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SERM. humerous Off-fpring, repine or be difconIII. tented, because his Eftate doth not anfwer his Demands, but he labours under the Burthen of Need and Poverty; for that God who takes Care of the young Eagles, when left and forfaken by the old Ones, and numbers the very Hairs of our Heads, will much more provide for all his Children and Servants, if they have but Faith fufficient to put their Trust in him; and I verily believe, that though fuch Perfons, when preffed by Want, and under very uneafy Circumstances, may wish that they had fewer Children, yet, generally, a poor Man could hardly tell which of his Children to part with, if he was to be deprived of any one of them.

3. THOSE who have had Children, and are deprived of them, either by a natural Death, or which is worse by any unfortunate Accident; may hence learn to refign themselves up to the Will of God, and intirely to depend on his good Provi

dence.

IF exceffive Grief is allowable in any Cafe, it must be in that of a tender Mother for the Death of her only Child, or of a Father for the Heir of his Inheritance; because Nature urges Men to thefe Paffions,

Paffions, and, whilft we are Men, it is SERMI impoffible, to be without them; they are III. Part of our very Beings, and are, indeed, our own felves. And yet, if we confider Things calmly and deliberately, we shall find, that to grieve and mourn, as Men without Hope, is not only unchriftian, but unreasonable; and that whatsoever Sorrow exceeds the Bounds of a decent and becoming Paffion, is not only our Sin, but our Folly. For what is it we grieve and mourn for? Is it, because God has taken our dear Relation out of this troublesome and miferable World, in which, at the beft, we ate but Strangers and Pilgrims, and placed him in a State of endless Happiness and Felicity? Is it fo terrible a Thing to be delivered from the Prifon of our Bodies, to be freed from those Storms and Tempefts, which fhipwreck the Quiet and Content of our Minds, and to arrive at the Haven of lafting Reft and Tranquillity? Is it a reasonable Thing that we should mourn and lament, because our Relations are got fafe to their Journey's End before us, and are in a far better Condition, than this World could bestow upon us or them? This certainly should be rather the Subject of our Joy and SaF tisfaction,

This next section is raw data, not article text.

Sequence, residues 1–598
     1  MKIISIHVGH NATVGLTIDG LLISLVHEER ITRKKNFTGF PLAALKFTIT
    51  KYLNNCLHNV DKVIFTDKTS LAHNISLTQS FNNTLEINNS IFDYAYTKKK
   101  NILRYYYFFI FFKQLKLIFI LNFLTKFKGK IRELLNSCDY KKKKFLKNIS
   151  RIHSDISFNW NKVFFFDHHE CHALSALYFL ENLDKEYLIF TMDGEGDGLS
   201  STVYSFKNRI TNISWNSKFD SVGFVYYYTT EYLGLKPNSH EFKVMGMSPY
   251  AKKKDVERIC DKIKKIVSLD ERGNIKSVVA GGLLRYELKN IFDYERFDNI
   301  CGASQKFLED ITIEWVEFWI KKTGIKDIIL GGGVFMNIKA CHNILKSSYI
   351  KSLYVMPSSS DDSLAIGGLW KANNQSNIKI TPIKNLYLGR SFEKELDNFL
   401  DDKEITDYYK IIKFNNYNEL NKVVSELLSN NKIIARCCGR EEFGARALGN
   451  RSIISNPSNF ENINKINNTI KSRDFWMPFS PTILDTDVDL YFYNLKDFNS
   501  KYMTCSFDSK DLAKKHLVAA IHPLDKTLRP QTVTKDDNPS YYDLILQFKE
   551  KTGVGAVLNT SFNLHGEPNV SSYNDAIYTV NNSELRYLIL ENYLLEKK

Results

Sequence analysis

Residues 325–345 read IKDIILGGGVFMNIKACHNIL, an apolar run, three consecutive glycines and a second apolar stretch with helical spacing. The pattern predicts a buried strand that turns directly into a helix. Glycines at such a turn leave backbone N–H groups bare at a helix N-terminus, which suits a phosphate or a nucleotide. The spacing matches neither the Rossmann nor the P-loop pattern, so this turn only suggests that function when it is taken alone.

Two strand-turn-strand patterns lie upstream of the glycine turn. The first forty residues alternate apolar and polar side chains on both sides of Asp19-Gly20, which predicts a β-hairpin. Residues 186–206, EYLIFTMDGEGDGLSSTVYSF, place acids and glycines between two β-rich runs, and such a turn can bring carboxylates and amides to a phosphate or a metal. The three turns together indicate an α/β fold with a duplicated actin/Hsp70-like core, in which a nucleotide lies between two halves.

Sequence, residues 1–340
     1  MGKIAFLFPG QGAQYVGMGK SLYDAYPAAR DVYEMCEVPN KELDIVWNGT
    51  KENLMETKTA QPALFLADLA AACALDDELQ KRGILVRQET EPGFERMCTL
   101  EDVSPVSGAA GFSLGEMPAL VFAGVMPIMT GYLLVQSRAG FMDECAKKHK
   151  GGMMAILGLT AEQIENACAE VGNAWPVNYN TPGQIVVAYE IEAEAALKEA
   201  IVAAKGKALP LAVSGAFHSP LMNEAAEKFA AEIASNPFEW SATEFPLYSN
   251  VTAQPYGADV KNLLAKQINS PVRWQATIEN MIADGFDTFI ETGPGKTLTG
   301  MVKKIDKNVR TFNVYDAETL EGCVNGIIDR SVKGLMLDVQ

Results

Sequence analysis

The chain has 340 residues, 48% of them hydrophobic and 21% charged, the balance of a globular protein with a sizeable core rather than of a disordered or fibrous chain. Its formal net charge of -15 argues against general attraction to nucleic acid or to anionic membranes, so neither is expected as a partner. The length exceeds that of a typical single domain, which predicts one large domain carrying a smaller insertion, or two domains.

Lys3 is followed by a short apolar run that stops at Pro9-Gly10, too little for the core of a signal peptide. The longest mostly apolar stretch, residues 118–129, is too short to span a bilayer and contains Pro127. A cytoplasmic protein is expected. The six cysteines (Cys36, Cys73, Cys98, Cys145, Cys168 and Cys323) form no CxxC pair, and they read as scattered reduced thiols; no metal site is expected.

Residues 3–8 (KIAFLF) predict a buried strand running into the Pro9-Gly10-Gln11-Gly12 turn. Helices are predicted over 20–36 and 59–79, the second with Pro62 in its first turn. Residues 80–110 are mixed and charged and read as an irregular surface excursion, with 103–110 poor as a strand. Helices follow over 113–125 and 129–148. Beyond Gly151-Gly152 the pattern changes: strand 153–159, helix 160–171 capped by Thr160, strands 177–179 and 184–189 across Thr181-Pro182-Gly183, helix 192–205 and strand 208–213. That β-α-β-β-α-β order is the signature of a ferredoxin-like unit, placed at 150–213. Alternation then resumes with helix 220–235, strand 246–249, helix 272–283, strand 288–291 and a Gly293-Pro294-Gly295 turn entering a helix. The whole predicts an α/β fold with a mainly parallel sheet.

SERM. tisfaction, than of our Trouble and DifIII. content.

FOR who is there that would not rejoice and be exceeding glad, when he heard that his Son was made a mighty Prince in a foreign Country; and that he fhould fhortly fee him in all his Splendor and Glory, and partake with him in this profperous Condition? And, is it not much greater Caufe of Joy, that we are affured our Friends are in Poffeffion of an immortal Crown, which fadeth not away, eternal in the Heavens? If therefore we inquire into the Caufe of our immos derate Grief, for the Lofs of Children and Relations, we shall find it proceeds either from Infidelity, or because we entertain an, exceffive Love to the good Things of this World, either we do not believe that there is a Life to come after this fhort Life is ended, we do not expect the Joys and Happiness of another World, or else we prefer the good Things of this before them. For, fuppofe it was put into our Power to raise our deceafed Relations from the Dead, and to redeem them from the Power of the Grave, and to give them a longer Continuance amongst us; would it not be a very unreasonable Thing to defire, that they should quit the Society of Saints and

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and Angels in Heaven, to bear us Com-SERM. pany upon Earth; and leave thofe happy III. and bleffed Abodes, to undergo the Slavery' of a finful Life? Let us therefore rather bemoan our own Lot-and Portion than theirs, and pray, that God in his good Time would accomplish the Number of his Elect, deliver us from thefe vile and finful Bodies, and cloath us with that House which is from above; that fo, together with them, we may be made perfect in Glory. In the mean while, let our chief Endeavours be, to make our Calling and Election fure, to live good and ufeful Lives, and to be converfant in Works of Piety, Juftice, and Mercy, and especially to abound in Alms-deeds and a liberal Contribution to the Neceffities of our poor Brethren; which is a Duty more particularly incumbent on those who have no Children of their own to provide for, and therefore are the more able to provide for the fupernumerary Branches of a prolific Family.

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SERMON IV.

The Nature and Neceffity of good
Works.

MAT. V. 16.

Let your Light fo fhine before Men,
that they may fee your good Works,
and glorify your Father which is in
Heaven.

SERM.
IV.

HEN our Saviour Chrift was here upon Earth, it was his chief Business and Delight to do the Will of Joh. iv. him that fent him, and to finish his Work. And it was upon this Defign, that he

W

34.

travelled

N. B. The Occafion, on which this Sermon and the next following were preached, was as follows: The Chapel at Highgate, in Middlefex, was firft erected and endowed in the Reign of Queen Elizabeth, Anno Dom. 1565, and afterwards enlarged, in the Reign of King James

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